Phoenix resident Dick O'Neall received a diagnosis of advanced pancreatic cancer shortly after telling his doctor that he was experiencing a slight discomfort in his ribcage in April 2011. He was given approximately 6 months to live.
His son, who works as an information support specialist at Scottsdale Healthcare’s Virginia G. Piper Cancer Center, arranged for him to get a second opinion there. O'Neall was accepted into a clinical trial, which used the chemotherapy regimen being studied for pancreatic cancer, Gemcitabine and Abraxane, in combination with a Hedgehog pathway inhibitor. This targeted therapy breaks down the outer covering of the cancer cell to increase the therapeutic effect of the chemotherapy. On June 1, 2011, he began the trial using this drug combination.
"It was the first time I had heard anybody talk about anything hopeful in regard to my future," O'Neall said. The chemo was hard on his body, but it proved worthwhile. "They were testing me all the time; and almost immediately, my tumors began to shrink."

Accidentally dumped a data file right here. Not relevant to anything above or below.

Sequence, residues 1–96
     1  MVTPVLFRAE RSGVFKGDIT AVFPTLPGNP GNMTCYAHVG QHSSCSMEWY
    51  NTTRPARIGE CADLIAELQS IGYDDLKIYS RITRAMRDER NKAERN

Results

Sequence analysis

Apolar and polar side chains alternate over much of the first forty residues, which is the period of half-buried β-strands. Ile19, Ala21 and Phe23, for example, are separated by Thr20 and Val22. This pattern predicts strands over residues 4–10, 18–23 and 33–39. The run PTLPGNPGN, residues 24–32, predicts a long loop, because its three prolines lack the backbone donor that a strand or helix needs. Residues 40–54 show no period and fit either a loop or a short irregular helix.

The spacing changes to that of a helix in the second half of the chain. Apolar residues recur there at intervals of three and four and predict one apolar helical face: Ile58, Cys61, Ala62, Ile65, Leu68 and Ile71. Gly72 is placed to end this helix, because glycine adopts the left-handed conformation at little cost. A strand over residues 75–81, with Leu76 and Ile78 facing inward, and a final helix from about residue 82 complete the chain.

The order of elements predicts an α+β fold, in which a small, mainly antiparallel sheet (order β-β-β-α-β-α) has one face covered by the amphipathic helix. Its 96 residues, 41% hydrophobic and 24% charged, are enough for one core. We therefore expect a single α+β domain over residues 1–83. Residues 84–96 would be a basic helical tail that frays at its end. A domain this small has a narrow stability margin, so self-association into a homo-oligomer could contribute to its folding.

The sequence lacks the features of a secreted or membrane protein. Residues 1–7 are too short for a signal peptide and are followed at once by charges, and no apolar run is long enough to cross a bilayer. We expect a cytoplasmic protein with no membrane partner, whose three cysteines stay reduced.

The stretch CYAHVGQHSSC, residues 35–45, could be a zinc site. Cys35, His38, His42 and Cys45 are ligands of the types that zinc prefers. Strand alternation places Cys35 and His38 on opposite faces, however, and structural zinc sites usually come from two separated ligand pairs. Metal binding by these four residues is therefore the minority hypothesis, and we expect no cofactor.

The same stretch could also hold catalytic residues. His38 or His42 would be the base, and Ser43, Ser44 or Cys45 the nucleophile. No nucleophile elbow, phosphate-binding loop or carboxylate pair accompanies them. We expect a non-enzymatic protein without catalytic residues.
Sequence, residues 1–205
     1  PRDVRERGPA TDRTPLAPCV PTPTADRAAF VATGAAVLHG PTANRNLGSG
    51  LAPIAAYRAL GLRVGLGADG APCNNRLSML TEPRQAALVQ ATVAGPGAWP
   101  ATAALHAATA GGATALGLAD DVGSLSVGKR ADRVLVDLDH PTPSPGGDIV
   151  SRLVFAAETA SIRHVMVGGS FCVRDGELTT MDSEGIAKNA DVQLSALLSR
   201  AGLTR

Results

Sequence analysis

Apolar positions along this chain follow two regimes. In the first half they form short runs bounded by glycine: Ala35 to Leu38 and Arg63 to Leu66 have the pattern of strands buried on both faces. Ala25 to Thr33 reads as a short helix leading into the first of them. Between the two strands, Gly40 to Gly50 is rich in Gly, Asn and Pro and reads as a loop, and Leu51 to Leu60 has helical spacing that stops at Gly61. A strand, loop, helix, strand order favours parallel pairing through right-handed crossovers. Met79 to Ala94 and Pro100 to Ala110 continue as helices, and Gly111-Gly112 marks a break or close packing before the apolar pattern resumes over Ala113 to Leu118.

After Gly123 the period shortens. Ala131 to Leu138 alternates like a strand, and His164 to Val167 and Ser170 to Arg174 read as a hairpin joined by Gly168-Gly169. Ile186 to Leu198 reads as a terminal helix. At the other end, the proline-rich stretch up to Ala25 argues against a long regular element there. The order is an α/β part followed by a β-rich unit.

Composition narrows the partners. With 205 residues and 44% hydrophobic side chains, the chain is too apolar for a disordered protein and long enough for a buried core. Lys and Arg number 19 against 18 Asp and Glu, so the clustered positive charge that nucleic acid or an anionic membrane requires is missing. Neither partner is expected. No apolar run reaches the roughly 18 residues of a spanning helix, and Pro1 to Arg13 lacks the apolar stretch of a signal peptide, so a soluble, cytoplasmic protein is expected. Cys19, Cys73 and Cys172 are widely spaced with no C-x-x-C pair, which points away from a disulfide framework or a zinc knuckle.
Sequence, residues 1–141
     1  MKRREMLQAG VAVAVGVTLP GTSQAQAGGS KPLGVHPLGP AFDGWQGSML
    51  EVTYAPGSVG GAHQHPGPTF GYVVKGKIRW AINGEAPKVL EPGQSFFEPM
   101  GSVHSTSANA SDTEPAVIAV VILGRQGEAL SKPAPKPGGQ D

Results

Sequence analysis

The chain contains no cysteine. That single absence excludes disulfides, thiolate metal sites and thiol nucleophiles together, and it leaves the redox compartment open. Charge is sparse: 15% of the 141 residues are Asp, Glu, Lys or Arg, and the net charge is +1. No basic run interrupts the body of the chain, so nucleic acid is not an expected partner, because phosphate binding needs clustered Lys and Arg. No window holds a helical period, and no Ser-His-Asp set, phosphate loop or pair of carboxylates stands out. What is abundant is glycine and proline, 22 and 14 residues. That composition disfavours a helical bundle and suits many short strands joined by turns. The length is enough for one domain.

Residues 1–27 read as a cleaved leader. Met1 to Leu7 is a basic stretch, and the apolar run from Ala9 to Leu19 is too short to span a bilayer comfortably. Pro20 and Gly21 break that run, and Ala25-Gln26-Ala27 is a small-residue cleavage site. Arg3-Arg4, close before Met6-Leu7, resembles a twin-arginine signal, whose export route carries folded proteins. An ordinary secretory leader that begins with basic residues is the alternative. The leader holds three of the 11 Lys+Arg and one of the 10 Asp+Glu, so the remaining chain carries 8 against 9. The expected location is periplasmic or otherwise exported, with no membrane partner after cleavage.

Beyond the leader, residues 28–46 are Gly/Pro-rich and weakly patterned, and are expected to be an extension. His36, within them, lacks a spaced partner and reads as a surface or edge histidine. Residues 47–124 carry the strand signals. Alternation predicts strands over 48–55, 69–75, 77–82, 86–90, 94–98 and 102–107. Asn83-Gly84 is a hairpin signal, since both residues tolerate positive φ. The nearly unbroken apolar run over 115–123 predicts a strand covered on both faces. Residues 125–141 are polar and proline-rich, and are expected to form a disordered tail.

Today, 16 months after his diagnosis, O'Neall says he feels great and is continuing treatment with the Abraxane/Gemcitabine regimen. O'Neall, who with his wife, Karen, runs a mentoring program for youth at Calvary Community Church in Phoenix, recognizes that there is no cure for the disease yet and that the cancer can return.
"When I look back now, and I can't emphasize enough the compassionate care I received," he said. "They gave me hope to know that there was something that could be done for me, and that I didn't inevitably have to surrender to this terrible disease."
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